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A stunt marketing campaign for Shock Top beer, a sunglasses-wearing citrus wedge with hair made of wheat has been surprising bar-goers

Generally, if your beer is talking to you, it's time to call it a night.

Until recently, that is. A stunt marketing campaign for Shock Top beer has brought its logo to life. The sunglasses-wearing citrus wedge with hair made of wheat has been chatting up beer lovers in Montreal and Toronto.

The brand, owned by Labatt Breweries of Canada, has struggled with sales growth and low consumer awareness since it launched here in 2011. To change that, it placed a six-pack in a Montreal dépanneur and a beer tap at a west-end Toronto bar, both rigged up to crack wise at unsuspecting patrons – and posted videos of the results. Last week, it installed a large motion-sensored talking wedgehead on a billboard at The Beer Store at College and Bathurst Streets in Toronto; video pending.

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"Doing disruptive advertising, we've started to see the potential and the success you get by doing things differently," said Mike Bascom, brand director for Shock Top at Labatt. "…It's a different way for our beers to talk to consumers across the country."

So how did they do it? One of Labatt's ad agencies, Anomaly, took care of the concept and the writing. A Toronto special effects agency, Gaslight Studio Inc., built the animatronics to make it work.

The six-pack was wireless, so people could pull it off the shelf with no trouble. (Those who actually walked out with the talking beer, however, were politely asked to switch it out with a regular case.) Hidden cameras were placed around each of the venues to capture the action, and to allow a team huddled outside in a cube van to see what was going on.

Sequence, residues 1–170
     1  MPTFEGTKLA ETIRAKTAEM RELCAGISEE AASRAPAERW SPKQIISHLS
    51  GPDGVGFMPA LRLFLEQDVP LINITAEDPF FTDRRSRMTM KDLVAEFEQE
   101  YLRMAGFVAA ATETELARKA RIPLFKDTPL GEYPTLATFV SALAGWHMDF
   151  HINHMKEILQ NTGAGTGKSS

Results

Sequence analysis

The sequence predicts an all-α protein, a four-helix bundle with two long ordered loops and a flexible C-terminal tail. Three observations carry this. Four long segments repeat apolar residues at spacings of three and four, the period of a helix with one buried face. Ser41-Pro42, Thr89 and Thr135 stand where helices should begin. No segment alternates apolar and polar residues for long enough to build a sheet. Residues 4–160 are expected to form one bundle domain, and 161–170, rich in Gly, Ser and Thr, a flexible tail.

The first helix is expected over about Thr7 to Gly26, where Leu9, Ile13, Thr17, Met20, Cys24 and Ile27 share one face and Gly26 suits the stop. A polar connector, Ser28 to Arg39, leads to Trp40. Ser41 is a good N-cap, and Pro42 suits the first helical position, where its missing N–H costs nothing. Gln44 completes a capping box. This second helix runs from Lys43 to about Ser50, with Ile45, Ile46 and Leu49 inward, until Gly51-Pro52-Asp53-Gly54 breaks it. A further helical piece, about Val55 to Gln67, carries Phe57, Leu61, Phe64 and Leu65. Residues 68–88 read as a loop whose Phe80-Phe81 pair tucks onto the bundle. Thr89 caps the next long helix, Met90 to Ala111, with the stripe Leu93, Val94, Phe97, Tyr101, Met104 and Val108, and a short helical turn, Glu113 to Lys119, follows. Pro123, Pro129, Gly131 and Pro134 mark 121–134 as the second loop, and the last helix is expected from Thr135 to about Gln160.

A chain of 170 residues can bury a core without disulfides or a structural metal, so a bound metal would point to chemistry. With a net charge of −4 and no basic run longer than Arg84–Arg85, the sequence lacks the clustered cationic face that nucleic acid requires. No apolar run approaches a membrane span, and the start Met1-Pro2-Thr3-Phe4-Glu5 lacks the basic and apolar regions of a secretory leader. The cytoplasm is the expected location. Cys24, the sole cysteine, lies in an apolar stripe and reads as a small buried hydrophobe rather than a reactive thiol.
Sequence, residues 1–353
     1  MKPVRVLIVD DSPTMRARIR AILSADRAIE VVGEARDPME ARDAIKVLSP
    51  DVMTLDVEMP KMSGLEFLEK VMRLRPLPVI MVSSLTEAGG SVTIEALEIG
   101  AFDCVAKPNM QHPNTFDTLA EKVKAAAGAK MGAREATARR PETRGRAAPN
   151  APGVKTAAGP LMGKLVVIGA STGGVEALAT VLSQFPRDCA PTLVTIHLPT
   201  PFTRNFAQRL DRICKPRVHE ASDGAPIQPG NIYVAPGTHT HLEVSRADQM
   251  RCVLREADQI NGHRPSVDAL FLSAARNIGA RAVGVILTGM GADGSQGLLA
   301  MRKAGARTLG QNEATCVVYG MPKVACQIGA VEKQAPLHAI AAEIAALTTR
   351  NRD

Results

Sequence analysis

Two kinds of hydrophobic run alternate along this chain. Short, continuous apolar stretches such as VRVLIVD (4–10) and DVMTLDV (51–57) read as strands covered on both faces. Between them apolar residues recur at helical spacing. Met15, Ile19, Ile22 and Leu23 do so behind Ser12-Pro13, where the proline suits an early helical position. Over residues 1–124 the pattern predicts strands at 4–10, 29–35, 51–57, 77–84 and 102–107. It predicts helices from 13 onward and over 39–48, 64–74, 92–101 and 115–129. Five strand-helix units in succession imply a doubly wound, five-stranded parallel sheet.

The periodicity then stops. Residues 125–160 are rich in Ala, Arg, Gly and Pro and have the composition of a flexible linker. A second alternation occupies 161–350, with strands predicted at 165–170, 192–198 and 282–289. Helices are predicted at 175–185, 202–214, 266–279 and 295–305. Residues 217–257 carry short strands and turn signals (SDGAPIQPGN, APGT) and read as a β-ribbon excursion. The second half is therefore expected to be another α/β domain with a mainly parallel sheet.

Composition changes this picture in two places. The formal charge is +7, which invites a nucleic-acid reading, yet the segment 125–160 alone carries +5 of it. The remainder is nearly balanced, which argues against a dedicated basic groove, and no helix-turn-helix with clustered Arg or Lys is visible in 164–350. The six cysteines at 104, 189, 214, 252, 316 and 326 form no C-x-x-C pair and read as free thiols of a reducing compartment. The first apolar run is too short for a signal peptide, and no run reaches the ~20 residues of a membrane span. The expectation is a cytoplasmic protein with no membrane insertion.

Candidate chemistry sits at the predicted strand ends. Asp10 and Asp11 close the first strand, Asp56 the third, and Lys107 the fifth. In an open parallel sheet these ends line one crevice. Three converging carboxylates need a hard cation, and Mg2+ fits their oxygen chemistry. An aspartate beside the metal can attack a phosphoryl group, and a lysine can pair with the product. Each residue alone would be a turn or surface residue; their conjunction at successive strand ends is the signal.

In the van, the creative team, the ad director, and the voice actor monitored the scene. The actor responded in real time through a microphone connected to a Bluetooth speaker embedded in the box (and the tap, in the case of the bar stunt.)

The box was a simple job: Gaslight simply had to build cardboard lips that moved. The bar tap was more complex, with mechanisms to move the head, as well as make the sunglasses move up and down when the mascot spoke.

The idea of the campaign was to get away from an intense, serious focus on the art of the beer that is common in this type of advertising.

"We were looking at the craft beer category, and a lot of them are taking themselves too seriously," said Dave Douglass, partner and executive creative director at Anomaly. "They're heavy into the ingredient mix, and the story. And here we have this beer with an orange wedge and a wheat Mohawk."

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The tactic is a hard sell; customers at the dep and the bar who gravitated toward other products were interrupted by the Shock Top mascot, who attempted to talk them out of spending their money on its competitors.

Sales at both locations rose dramatically during the stunts, Mr. Douglass said.

There will be more stunts, including talking washroom posters.

This type of advertising has come to be known as "experiential," and is on the rise as marketers look for new ways to get noticed.

At Labatt in particular, the former vice-president of marketing (who has since moved on to another position with parent company Anheuser-Busch InBev, in the U.S.) called together the company's advertising agencies a few years ago to demand they being thinking of different ways to approach its marketing. The move came out of an awareness that traditional advertising is no longer enough to win the attention of skeptical and ad-weary consumers.

"We know in today's world, that you can't approach problems the way you used to," Mr. Bascom said.

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